Who May I Say is Calling?

Perhaps the best known example of long-needed revisions in our nation's crime fighting arsenal involves electronic surveillance. Simplifying greatly, when police want to search a house, they have to persuade a judge that there is probable cause to believe that there is evidence of crime inside the house. When they want to "search" a telephone line, they have to persuade a judge that it's being used by criminals in ways that yield evidence of crime (Lefty has been ordering hits along with his lunch, for example, or directing drug shipments).

When the wiretap laws were written, the bad guys got their phones where FBI got theirs: from AT&T. Readers of a certain generation may remember the days when the black rotary phone next to the living room lamp belonged to the phone company, not the homeowner. The government knew where the phones were, and needed a way to tap them. The law allowed the police to identify the exact device being used. Everyone knew which hotel suite Al Capone lived in, and which telephone was installed there. Both the rules and the mechanics were easy to assemble.

But law enforcement was never interested in the hardware itself, only those who used it. Changing the wiretap laws requires simply extending their original purpose to our new wired world.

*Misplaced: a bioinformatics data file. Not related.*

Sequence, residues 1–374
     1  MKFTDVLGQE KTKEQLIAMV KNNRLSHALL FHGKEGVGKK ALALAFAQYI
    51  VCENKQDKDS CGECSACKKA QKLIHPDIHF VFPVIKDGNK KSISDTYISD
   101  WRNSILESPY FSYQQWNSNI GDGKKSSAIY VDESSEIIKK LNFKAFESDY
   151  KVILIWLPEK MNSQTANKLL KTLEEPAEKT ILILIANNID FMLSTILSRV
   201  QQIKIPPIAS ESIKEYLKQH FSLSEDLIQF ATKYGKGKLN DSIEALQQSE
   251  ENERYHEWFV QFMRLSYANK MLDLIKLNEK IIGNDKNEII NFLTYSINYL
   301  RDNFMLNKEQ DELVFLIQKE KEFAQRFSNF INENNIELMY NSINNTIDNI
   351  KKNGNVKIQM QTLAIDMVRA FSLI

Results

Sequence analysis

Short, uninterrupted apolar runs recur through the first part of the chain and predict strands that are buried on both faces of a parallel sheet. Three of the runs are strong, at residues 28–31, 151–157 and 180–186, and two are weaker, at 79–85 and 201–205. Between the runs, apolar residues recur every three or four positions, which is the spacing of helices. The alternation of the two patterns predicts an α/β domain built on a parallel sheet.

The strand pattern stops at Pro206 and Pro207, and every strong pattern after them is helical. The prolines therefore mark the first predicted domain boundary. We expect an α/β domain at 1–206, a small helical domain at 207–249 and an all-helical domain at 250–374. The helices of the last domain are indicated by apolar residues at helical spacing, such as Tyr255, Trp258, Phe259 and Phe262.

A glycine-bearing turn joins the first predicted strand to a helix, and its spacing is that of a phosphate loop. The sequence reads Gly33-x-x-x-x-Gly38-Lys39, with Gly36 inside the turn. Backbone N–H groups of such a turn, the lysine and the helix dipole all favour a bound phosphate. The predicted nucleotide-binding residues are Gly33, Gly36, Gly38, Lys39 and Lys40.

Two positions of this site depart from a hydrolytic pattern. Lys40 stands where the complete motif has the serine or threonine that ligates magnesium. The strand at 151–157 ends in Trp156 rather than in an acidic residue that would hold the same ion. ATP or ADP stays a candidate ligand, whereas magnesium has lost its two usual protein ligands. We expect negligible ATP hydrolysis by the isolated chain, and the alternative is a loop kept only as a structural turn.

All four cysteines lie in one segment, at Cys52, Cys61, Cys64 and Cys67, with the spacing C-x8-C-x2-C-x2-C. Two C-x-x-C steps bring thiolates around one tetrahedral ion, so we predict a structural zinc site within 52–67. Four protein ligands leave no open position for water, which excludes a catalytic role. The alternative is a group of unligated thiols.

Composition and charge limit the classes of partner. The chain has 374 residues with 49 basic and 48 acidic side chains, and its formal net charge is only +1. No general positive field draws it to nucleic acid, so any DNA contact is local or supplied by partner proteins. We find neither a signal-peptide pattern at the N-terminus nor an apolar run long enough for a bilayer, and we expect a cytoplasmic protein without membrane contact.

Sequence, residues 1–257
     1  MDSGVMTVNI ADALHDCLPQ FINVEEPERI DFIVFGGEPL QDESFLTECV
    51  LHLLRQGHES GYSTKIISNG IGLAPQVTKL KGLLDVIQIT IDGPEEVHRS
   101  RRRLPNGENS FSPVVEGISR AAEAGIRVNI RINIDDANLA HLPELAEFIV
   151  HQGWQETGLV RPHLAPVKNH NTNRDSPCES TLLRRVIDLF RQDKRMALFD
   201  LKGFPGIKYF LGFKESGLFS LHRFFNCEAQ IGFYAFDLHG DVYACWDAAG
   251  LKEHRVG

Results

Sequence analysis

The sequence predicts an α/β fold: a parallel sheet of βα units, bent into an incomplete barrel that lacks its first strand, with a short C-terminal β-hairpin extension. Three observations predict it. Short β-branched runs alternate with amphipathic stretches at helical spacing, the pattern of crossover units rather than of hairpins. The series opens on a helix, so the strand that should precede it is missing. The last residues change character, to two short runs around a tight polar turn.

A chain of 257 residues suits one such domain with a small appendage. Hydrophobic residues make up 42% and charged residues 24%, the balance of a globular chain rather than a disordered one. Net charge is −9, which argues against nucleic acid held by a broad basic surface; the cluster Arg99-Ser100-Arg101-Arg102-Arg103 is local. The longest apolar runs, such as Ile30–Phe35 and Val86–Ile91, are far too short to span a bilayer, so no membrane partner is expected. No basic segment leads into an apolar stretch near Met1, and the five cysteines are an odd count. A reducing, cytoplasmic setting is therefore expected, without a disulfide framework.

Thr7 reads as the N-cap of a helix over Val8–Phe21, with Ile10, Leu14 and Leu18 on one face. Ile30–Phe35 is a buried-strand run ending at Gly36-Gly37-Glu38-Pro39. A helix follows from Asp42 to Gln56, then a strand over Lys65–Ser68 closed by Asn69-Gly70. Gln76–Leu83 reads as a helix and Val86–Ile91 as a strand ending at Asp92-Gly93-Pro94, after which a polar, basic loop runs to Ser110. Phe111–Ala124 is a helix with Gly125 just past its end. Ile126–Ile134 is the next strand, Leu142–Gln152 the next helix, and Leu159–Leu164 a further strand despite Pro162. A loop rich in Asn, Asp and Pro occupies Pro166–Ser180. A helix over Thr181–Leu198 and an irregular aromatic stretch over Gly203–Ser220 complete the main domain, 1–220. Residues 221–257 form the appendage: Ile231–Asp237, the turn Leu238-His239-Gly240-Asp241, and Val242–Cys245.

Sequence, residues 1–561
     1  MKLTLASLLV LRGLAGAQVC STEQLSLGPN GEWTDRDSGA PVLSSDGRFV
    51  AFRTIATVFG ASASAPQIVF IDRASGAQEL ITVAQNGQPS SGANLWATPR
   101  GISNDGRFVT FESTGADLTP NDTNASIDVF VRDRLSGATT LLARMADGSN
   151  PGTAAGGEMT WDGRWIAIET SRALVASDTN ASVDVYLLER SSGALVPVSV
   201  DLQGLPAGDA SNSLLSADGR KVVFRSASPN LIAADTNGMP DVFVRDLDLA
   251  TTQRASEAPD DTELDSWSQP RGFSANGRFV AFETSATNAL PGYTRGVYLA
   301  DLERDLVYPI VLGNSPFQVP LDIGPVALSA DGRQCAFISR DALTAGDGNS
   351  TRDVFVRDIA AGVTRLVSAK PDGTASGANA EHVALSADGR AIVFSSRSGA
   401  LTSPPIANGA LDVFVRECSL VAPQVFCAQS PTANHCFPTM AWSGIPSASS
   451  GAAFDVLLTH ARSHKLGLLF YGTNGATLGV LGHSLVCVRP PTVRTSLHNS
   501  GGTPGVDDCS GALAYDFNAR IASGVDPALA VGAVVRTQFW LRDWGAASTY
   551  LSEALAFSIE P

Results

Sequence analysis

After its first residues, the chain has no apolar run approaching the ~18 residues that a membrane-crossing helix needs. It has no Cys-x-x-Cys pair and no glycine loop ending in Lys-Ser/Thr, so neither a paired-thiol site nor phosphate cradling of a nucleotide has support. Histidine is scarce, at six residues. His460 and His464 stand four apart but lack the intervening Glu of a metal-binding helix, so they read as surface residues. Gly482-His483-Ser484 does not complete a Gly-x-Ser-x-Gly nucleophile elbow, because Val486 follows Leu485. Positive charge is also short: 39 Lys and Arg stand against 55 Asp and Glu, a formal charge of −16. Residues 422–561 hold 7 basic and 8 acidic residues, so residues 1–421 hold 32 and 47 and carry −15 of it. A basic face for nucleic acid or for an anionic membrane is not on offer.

Criminals can now change devices daily; today's cell phone is tomorrow's paperweight. But we still need to hear what the criminals are saying, and it shouldn't matter what device they're using to say it. The laws governing eavesdropping should reflect that fact. They must be reoriented, away from the hardware and toward the actual subjects whose communications have always been what matters.

Privacy Concerns Raised

Extending the government's eavesdropping power naturally raises privacy concerns. But in many ways, the privacy protections for the targets of electronic surveillance are far greater than those for good old-fashioned search warrants.